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PostPosted: Thu Feb 09, 2017 2:21 pm 
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Posts: 1339
Having quite a bit of trouble getting good, clean sound out of my PSG emulation.
All of the documentation I can find on the chip is extremely barebones and high level.
The best public source of info I know of is: http://www.magicengine.com/mkit/doc_hard_psg.html
pcetext.txt barely covers that the PSG even exists.

My current emulation source code is here: https://hastebin.com/raw/fagecaxano

(Note that I'm emulating sound output at the full ~3.57MHz, and then using a sixth-order biquad IIR butterworth filter to remove aliasing prior to using hermite to resample the audio to the native PC sound card rate.)

But I'm stuck on lots of points. Is anyone here knowledgable with this chip that could lend a hand?

Right now, I support waveform mode, direct D/A mode, and noise generation mode. However for noise, I'm not actually generating a proper square wave, and I don't know the PRNG algorithm used for choosing the random values. So for now, I'm just feeding in random values to it.

I'm also not sure about the noise mode's frequency counter. Magic Kit is implying it's 64*~frequency, but that results in an 11-bit period. It seems only logical that we'd want a 12-bit period. So my guess is that it's actually 12-bit, and halfway through it alternates between two randomly generated values every 32 samples, and the two values are generated every time the period hits zero.

Next up, it's not clear when the period counter is reloaded, either for the waveform or the noise mode. So for now, when enabling the channel, I reload the waveform period. And when enabling noise mode, I reload the noise period. I don't know if you need to do it when writing to the frequency registers or not.

Next, it's not clear whether the period is a decrement-and-compare, or a compare-and-decrement, and whether we reload with frequency, frequency-1, or frequency+1. There's this cryptic note in pcetext.txt:
Code:
 - The PSG channel frequency is 12 bits, $001 is the highest frequency,
   $FFF is the next to lowest frequency, and $000 is the lowest frequency.

As best I can tell, he's trying to say that it's decrement-and-compare.

Whatever the case, there's periodic popping noises every few seconds. I thought it might be because this is the first system with a fractional sampling rate (~3.57MHz), but rounding the frequency to a whole number doesn't help at all, and emulator/audio should be able to handle fractional resampling rates anyway.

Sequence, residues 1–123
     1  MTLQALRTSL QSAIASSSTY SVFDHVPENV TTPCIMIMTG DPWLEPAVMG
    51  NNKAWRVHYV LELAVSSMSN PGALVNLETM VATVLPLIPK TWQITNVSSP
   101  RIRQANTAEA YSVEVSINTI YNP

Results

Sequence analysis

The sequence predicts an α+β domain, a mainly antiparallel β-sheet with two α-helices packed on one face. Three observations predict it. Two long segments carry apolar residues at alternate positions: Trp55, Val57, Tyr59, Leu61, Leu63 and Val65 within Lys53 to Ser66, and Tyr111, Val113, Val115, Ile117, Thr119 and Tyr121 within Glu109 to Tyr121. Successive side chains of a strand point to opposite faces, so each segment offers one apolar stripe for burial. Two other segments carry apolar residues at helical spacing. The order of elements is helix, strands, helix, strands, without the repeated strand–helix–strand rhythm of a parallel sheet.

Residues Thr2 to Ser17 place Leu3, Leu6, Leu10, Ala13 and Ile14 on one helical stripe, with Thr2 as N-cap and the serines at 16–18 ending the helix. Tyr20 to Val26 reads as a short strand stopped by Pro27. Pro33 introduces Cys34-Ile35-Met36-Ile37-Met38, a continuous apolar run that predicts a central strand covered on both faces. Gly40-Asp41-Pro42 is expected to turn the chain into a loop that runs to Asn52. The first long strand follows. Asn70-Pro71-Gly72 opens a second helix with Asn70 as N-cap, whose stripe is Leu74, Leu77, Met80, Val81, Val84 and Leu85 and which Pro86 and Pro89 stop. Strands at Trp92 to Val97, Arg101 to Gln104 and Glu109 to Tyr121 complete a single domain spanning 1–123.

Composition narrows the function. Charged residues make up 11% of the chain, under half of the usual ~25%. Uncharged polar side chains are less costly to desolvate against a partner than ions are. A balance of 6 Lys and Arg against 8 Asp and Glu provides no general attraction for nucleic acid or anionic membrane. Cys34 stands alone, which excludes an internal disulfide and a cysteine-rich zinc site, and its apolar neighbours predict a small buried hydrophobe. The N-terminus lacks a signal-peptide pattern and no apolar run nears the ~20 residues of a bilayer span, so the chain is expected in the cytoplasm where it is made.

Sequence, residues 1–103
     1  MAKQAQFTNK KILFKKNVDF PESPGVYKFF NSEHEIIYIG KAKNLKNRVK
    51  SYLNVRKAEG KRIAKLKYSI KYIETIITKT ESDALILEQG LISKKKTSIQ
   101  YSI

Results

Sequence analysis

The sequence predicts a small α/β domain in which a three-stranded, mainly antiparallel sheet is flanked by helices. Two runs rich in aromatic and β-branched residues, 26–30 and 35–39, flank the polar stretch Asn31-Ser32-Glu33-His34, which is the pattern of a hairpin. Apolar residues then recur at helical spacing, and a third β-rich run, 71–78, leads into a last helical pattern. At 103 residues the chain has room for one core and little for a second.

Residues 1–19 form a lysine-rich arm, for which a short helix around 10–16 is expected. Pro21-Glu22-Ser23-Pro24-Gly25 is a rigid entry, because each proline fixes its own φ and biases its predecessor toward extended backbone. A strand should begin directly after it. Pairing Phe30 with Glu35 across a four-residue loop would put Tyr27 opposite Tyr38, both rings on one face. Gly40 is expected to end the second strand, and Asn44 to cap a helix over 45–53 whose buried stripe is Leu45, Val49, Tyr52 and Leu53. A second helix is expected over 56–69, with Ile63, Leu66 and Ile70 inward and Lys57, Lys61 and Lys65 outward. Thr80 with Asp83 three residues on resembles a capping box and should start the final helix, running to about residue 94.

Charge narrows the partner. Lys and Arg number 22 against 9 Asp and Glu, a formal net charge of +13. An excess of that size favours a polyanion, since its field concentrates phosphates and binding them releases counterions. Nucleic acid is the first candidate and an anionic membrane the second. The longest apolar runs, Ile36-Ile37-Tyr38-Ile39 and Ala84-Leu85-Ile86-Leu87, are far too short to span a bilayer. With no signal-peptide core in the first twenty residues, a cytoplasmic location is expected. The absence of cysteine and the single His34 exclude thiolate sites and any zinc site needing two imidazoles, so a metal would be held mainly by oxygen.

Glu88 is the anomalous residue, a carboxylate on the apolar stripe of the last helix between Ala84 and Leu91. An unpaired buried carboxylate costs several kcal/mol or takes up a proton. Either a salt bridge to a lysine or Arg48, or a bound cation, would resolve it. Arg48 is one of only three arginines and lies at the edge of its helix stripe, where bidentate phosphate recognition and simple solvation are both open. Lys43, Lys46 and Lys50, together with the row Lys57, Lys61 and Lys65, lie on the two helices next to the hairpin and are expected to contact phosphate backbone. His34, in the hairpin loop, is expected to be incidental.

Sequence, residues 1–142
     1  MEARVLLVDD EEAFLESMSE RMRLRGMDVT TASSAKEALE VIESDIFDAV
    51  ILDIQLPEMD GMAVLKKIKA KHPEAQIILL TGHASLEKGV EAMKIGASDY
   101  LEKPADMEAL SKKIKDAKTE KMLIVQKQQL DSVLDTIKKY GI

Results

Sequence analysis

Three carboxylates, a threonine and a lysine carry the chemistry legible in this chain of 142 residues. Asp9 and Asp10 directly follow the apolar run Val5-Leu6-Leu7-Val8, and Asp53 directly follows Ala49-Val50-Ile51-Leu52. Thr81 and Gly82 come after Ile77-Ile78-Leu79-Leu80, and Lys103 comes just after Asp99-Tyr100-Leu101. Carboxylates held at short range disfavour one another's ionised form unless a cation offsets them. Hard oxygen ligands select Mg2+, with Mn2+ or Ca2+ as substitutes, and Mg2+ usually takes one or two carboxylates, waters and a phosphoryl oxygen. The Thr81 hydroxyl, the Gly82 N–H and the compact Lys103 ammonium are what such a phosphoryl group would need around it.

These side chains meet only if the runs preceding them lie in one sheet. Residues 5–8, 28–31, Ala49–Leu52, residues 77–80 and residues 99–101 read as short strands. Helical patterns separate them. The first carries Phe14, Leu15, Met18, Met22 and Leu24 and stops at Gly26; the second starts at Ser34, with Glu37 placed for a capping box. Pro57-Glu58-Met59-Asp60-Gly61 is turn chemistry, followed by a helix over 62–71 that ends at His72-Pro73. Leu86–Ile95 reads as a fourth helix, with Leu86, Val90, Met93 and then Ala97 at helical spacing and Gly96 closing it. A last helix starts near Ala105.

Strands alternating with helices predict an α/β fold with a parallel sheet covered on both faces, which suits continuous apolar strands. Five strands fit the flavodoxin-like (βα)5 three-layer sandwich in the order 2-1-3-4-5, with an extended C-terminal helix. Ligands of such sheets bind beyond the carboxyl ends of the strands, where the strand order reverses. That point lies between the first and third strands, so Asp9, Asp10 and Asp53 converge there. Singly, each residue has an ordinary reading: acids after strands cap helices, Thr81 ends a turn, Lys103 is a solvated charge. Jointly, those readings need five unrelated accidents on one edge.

The popping noises could also be due to PSG writes being cycle-timed, and my HuC6280 cycle timings not being very great yet. The PSG has no kind of interrupts, so I think careful timing is the only way to do certain things, especially D/A mode.

Next up, I really don't understand the frequency modulation mode at all. It also has a frequency value that we'll need to understand how the period works and reloads. Basic idea though is the channel 1 output turns into a value to modulate channel 0's frequency by, and channel 1's output gets muted. But how does one turn that idea into code? All kinds of subtleties abound.

Next up, I don't know how the volume controls work at all. There's a master volume left+right, per-channel volume left+right, and per-channel overall volume. The documentation lists their effects in terms of decibels. I have no clue how to turn decibels into multiply-by values. Let alone how to stack THREE levels of audio volume controls >_>

Next, it looks like the output is always 5-bit unsigned per-channel, but there's also all the volume adjustments. So I don't know the final bit-depth of the final output to normalize the value into a signed floating point value between -1.0 and +1.0. So for now, half the potential speaker range (anything below zero) isn't used in the generated output.


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PostPosted: Thu Feb 09, 2017 6:04 pm 
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Joined: Sun Mar 19, 2006 9:44 pm
Posts: 919
Location: Japan
calling Tomaitheous...

Here's one link, sorry it's all in Japanese: http://www.geocities.jp/team_zero_three/PCE/psg.html

Do not reload the WF period when changing frequencies -- that's an NES bug, not PCE :) ). I'm not sure, but I believe you reload the WF period only when bit 6 of $0804 is set to 1.

The waveform data is 5-bit linear PCM, but all the volume & panning controls are logarithmic, so they all add together (in binary) rather than being multiplied, and actually saturate at some bit depth -- I don't remember the fine details, sorry.

As for the LFO, IIRC, looking at channel 1 waveform, a waveform value of $10 means no change, and $11 means increase channel 0's frequency "register" by 1 / 16 / 256 depending on the multiplier setting. A waveform value of $0f decreases by 1 / 16, etc.